Internal communication is upside down in GCC companies as almost half of the employees in the region rely on colleagues rather than their bosses for information, a survey has revealed.
The study, the Middle East Corporate – Reputation Watch 2008 – Getting the Message Across, showed 49 per cent of UAE employees believe their manager is very useful for obtaining important information, while 47 per cent rely on external media and friends for information about their job.
Managers themselves admitted the responsibility for communicating with employees is often pushed to departments such as marketing (20 per cent), human resources (45 per cent) or internal communications (18 per cent). And seven per cent of UAE managers said they did not know who is responsible for internal communications in their company, while 25 per cent thought it was not necessary for staff members to understand how their job connects to their company's business objectives.
In the survey's responses, there was a wide gap between what managers thought was being conveyed and what employees heard. While 77 per cent of UAE managers said they make a point of explaining their organisation's strategic objectives to staff, only 54 per cent of employees in the UAE felt these objectives were properly explained.
In total, almost half of all UAE employees surveyed did not feel they received the information they needed to do their job well, while a third did not feel valued for the contribution they made, according to the survey of more than 500 managers and employees in the GCC conducted by Hill & Knowlton, using YouGov Siraj.
While 95 per cent of employees said they would like to develop their skills and advance professionally in their job, only 46 per cent felt the way to do this had been properly explained to them. The net effect was over 50 per cent of employees in the GCC run the risk of not being able to engage properly with the organisation they work for.
Meanwhile, this compares negatively with findings in Europe where polls suggest only 30 per cent staff feel similarly. "The UAE findings are broadly consistent with the results in other GCC countries," Fran McElwaine, director of change and organisational communications, Hill & Knowlton Middle East, said. "They suggest, although managers in the UAE understand the importance of communicating with employees, many of them are failing to get the message across."
McElwaine said companies are under pressure to lift productivity and it is becoming harder to attract and retain top talent. "The ability to engage employees and align them with a company's strategic objectives is a key to better motivation, productivity and staff retention."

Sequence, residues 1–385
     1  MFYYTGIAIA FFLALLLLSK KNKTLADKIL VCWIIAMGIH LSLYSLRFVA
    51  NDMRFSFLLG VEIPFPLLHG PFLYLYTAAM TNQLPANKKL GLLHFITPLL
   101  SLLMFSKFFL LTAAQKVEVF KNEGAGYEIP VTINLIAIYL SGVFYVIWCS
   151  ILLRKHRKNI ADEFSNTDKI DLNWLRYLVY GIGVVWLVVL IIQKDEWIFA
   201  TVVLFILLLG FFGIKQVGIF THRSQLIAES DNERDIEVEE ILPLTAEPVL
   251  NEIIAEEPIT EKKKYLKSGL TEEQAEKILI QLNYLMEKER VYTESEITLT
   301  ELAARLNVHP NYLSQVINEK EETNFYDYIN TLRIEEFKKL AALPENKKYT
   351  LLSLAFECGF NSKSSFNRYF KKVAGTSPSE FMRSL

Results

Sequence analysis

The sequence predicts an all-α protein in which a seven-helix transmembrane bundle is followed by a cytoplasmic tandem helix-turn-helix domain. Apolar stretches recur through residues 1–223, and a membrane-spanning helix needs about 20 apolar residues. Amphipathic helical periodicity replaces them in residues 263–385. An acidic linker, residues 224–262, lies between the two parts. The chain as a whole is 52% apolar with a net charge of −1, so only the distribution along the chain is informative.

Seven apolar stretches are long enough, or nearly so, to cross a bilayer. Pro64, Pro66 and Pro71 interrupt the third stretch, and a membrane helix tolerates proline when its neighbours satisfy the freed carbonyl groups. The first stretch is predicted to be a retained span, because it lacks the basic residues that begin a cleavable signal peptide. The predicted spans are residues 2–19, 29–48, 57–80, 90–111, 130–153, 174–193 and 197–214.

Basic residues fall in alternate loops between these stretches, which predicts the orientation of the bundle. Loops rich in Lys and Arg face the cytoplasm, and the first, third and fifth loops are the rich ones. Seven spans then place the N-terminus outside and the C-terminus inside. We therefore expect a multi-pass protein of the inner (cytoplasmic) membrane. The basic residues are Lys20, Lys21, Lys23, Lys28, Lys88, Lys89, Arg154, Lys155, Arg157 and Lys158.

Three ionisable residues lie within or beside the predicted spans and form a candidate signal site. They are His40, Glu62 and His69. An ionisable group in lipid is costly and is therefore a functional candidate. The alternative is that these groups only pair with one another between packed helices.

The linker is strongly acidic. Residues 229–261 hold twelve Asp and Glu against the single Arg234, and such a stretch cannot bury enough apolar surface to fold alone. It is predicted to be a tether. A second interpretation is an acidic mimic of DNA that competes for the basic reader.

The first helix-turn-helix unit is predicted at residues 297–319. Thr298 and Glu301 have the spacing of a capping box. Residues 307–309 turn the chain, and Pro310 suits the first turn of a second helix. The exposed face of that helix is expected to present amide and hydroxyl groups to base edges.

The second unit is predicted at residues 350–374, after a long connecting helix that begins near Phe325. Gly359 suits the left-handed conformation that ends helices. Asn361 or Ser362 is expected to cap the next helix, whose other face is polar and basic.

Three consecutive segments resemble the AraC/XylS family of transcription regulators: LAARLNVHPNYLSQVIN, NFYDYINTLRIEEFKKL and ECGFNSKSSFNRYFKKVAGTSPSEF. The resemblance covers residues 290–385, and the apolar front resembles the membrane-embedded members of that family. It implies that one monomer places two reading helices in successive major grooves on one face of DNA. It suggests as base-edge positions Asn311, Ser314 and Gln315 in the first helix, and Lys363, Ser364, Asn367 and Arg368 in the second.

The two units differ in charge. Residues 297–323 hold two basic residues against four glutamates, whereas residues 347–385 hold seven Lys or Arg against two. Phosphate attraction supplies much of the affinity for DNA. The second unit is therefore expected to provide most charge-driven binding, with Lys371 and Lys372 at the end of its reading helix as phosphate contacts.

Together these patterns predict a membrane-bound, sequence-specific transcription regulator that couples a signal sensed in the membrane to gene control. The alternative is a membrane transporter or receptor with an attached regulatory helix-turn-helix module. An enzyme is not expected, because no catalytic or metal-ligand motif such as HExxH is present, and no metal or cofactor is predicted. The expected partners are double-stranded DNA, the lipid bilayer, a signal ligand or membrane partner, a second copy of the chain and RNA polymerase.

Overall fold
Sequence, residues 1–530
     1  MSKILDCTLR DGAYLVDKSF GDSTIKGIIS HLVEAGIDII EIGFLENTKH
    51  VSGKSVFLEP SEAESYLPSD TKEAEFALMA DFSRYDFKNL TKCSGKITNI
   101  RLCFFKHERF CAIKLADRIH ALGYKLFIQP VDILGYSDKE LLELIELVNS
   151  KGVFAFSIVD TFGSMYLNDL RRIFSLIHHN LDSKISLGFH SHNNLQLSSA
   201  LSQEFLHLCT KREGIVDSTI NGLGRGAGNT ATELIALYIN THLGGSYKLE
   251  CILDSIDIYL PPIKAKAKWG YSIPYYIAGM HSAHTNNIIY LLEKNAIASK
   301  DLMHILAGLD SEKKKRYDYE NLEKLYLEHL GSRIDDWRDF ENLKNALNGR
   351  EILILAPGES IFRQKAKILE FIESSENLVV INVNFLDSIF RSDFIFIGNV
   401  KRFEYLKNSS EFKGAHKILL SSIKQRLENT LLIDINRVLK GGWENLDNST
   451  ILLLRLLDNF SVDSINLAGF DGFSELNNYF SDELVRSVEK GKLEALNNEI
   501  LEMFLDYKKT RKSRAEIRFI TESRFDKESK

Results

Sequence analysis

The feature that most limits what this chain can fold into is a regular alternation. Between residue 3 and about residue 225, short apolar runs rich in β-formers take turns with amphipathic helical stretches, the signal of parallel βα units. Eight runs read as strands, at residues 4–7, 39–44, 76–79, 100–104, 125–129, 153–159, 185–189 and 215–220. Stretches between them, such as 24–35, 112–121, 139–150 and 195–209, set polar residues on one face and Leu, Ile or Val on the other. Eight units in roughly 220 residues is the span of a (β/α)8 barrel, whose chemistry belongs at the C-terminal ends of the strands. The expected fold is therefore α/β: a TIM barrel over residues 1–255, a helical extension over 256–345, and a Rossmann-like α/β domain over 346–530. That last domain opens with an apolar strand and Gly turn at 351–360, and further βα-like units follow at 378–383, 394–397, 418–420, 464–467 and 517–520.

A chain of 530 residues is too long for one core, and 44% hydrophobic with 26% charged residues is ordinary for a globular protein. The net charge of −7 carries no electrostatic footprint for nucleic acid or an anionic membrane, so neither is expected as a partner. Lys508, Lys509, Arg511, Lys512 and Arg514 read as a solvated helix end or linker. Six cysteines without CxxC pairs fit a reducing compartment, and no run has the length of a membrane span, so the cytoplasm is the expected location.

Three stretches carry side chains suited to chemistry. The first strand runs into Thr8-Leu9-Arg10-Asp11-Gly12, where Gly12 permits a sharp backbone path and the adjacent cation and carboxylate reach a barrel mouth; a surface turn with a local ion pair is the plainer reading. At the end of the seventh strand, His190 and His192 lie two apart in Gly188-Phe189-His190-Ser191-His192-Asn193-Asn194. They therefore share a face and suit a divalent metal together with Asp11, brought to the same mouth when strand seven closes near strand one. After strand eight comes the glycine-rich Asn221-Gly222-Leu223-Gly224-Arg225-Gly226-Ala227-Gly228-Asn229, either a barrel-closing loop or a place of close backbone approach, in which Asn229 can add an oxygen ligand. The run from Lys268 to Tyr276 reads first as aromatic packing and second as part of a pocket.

One possible explanation for the disconnect between managers and employees may be that many managers do not feel empowered to communicate or even to make decisions. Findings from the survey showed most managers in the region have been reluctant to make a decision.
About 58 per cent of managers believed making decisions would increase the chances of being blamed if something goes wrong and 31 per cent admitted to following decisions made by others without fully thinking of the consequences. Twenty-six per cent of managers said keeping a low profile at work would help ensure their position was safe.
Businesspeople who spoke to Emirates Business did not seem surprised by the results. Bassam Fino, chief commercial officer, Bonyan International Investment Group, said most managers prefer to not communicate. "The capabilities of managers to communicate in this region is below average. They believe by doing this they become more in control. Giving less information means more power for them."
And Joe Sassine, general manager at Dubai-based Shadow Professional Photography, concurred, saying staying away from staff lends more authority to the managers. "This usually happens in companies where the top people have to protect their image to keep their job as well as authority."
Overall, the findings showed there is room for improvement in the region, said Dave Robinson, CEO, Hill & Knowlton Middle East. "The findings indicate organisations in the UAE and in the Gulf can do a better job of structuring their internal communications effectively.
"There is real potential for companies across the region to improve morale and productivity by creating structures and systems for employee communication."